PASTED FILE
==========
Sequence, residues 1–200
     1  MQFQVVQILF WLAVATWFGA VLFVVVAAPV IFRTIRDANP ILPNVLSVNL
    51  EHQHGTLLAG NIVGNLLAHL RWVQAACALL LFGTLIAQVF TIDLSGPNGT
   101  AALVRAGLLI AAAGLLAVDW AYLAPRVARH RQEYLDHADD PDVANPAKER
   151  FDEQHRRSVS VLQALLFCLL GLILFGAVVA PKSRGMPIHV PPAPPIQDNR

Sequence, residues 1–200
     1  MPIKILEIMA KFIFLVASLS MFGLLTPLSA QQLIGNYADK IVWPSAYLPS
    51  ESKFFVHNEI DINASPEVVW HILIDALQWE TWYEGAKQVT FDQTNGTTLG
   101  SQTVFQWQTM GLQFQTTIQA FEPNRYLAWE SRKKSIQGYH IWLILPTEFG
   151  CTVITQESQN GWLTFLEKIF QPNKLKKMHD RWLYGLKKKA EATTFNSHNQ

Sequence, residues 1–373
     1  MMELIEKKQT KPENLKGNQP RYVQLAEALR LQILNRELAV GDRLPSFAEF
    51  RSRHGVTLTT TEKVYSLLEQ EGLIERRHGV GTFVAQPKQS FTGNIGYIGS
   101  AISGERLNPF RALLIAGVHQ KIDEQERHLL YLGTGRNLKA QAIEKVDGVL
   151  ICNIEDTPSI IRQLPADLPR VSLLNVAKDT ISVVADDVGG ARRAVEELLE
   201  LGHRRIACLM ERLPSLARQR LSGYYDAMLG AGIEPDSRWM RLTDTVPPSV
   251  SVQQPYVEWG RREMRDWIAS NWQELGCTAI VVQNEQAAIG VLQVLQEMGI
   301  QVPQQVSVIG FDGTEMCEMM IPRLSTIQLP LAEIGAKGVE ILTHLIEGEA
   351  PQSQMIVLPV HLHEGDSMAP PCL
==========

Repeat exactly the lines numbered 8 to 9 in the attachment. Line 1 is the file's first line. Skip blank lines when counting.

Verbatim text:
    51  ESKFFVHNEI DINASPEVVW HILIDALQWE TWYEGAKQVT FDQTNGTTLG
   101  SQTVFQWQTM GLQFQTTIQA FEPNRYLAWE SRKKSIQGYH IWLILPTEFG